In Game 1, both of those plagues returned. He picked up his third foul just five minutes into the first period and spent the rest of the half on the bench, and when he did return in the second half, he missed 12 of his first 13 shots.
Olajuwon, always a fierce competitor, tried to compensate for Sampson's absence with 33 points and 12 rebounds. But McHale and Parish powered around the frontcourt at will, while Bird displayed all-around brilliance with 21 points, 13 assists, eight rebounds and four steals. His double-teaming on Olajuwon helped frustrate the Rockets further. The Celtics shot 66 percent from the floor for the game. Ainge and Johnson had a big third quarter, and the whole team rode a wave of confidence to a 112-100 win and privately wondered if they weren't headed for another sweep.
That mentality carried right through Game 2, in which Bird failed to pick up a single foul despite double-teaming Olajuwon throughout much of the game. He did, however, collect 31 points, eight rebounds, seven assists, four steals and two blocks. He worked McCray over on offense, backing in for an assortment of shots and working the pick-and-roll with Parish. Sampson played better and finished with 18 points and 8 rebounds, but he still seemed intimidated by Boston Garden. The Celtics ran away with the third quarter, 34-19, and won easily, 117-95.
Bird's performance left Olajuwon awestruck. "He's the greatest player I've ever seen," the Houston center said after the game. But he added that once the Rockets got back to Houston for the next three games, he didn't see how the Celtics could beat them in the Summit.
While the series was in Boston, Bird had received his regular-season MVP Award. And once in the Summit, he again rang up big numbers: 25 points, 15 rebounds, 11 assists and four steals. Running their break smoothly, the Celtics seemed in control in the third period of Game 3 with a 76-65 lead. But then Fitch switched Reid to cover Bird, and the Boston forward shot 3-for-12 in the second half.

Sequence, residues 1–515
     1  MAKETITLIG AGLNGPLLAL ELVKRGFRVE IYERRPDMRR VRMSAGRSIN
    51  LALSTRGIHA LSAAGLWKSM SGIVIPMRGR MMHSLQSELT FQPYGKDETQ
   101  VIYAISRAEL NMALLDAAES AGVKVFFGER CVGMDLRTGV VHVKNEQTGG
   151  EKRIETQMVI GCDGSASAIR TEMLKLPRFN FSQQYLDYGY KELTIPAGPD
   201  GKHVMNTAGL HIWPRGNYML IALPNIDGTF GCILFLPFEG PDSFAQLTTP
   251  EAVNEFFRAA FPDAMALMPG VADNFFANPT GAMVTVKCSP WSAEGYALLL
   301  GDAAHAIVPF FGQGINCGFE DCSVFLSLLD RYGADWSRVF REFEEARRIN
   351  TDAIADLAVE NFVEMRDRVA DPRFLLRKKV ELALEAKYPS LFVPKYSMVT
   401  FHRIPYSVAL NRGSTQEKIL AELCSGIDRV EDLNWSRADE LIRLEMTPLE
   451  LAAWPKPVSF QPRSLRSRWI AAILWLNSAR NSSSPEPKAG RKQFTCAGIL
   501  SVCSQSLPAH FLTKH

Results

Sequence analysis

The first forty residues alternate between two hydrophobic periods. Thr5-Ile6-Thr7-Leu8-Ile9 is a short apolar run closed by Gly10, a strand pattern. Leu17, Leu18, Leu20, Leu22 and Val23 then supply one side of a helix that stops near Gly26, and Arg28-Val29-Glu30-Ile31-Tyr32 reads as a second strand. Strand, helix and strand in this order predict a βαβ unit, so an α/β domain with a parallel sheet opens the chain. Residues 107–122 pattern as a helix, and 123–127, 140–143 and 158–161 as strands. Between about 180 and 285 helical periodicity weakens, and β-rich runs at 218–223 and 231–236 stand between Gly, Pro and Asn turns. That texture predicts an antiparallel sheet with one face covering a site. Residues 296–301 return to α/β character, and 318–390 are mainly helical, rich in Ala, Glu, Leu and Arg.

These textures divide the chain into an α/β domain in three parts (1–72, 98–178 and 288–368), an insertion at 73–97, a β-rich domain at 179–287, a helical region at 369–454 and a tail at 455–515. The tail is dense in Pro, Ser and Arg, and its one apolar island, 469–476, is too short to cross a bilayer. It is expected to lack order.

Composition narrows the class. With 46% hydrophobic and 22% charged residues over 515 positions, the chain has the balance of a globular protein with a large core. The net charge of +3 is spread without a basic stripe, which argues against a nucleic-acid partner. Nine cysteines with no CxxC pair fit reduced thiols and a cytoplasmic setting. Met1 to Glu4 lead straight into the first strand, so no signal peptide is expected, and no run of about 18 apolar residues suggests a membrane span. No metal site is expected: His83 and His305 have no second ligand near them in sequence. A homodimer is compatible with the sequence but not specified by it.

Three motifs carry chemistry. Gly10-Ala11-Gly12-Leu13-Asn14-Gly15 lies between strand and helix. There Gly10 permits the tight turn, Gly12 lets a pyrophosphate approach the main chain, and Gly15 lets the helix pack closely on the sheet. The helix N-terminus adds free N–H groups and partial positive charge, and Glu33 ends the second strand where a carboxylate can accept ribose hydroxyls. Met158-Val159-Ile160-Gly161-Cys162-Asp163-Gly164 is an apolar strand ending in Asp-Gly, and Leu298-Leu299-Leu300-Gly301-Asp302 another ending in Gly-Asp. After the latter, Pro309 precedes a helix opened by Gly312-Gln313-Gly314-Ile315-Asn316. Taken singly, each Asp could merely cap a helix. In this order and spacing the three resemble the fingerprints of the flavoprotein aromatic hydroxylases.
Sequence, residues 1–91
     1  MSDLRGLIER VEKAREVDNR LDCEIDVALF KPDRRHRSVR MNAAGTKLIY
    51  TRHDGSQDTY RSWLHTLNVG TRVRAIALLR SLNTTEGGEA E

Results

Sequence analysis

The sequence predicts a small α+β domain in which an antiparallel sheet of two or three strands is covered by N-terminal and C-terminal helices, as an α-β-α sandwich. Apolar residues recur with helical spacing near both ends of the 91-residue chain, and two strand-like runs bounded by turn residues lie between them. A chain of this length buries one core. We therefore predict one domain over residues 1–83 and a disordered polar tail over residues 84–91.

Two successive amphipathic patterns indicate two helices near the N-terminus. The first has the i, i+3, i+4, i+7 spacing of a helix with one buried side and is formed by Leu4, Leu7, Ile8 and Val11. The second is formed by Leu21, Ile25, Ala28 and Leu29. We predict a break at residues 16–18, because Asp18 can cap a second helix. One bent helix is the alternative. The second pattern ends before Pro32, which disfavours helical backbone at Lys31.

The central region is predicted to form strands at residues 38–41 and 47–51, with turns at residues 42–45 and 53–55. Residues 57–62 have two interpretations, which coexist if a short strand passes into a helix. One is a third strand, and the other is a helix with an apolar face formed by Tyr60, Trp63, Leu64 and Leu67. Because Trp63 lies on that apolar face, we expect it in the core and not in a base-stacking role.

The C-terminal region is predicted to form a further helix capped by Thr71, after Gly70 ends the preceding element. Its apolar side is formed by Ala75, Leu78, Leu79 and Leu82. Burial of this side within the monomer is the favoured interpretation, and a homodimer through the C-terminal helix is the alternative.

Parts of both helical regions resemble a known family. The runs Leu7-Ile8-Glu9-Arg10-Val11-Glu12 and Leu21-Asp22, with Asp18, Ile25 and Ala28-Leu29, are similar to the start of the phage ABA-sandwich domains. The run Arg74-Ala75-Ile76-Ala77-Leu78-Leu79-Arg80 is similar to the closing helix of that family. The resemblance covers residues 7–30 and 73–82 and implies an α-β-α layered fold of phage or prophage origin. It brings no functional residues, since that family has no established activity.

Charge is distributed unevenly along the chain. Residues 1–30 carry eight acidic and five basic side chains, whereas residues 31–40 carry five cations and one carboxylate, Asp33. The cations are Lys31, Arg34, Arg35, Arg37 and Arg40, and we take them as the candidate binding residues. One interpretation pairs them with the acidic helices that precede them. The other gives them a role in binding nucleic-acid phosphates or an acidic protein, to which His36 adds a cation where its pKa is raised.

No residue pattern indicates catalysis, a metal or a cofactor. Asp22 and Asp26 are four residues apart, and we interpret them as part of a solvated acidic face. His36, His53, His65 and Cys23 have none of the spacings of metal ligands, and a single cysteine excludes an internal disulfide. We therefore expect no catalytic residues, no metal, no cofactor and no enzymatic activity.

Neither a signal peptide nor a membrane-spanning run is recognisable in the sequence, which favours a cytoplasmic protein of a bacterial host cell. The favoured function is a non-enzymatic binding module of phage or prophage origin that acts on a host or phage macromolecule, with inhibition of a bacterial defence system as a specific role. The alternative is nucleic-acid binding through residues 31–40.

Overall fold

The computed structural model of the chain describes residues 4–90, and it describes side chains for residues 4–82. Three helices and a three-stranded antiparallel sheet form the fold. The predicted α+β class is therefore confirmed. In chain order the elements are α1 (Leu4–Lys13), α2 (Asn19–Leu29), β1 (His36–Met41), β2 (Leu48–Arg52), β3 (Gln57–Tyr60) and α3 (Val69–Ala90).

On offense, Sampson found his comfort zone and powered Houston into the lead in the fourth period. He finished with 24 points and 22 rebounds. In the closing minutes, the Rockets ripped through a 9-0 run and took a 103-102 lead with 67 seconds to go. Boston regained the lead on a Danny Ainge jumper, but Wiggins answered with a tip-in, and then the Houston defense forced Boston into a bad shot. Later Parish stepped on the sideline as Boston was inbounding the ball, and Houston survived, 106-104.
Game 4 was the test. Parish shut down Houston's big men to lead Boston with 22 points and 10 rebounds. Then Bird took over in prime time. With the score tied at 101 and a little over two minutes left, he hit a three-pointer. Then, on a last-minute Boston possession, Walton rammed home an offensive rebound. The Celtics had a 106-103 win and a 3-1 lead in the series.
Game 5 was marred by a fight between Sampson and Sichting. With a little more than three minutes gone in the second period, the Houston forward and Boston guard got tangled up over the ball. They exchanged words, which led to Sampson throwing punches, one of which struck Dennis Johnson in the left eye when he attempted to break things up.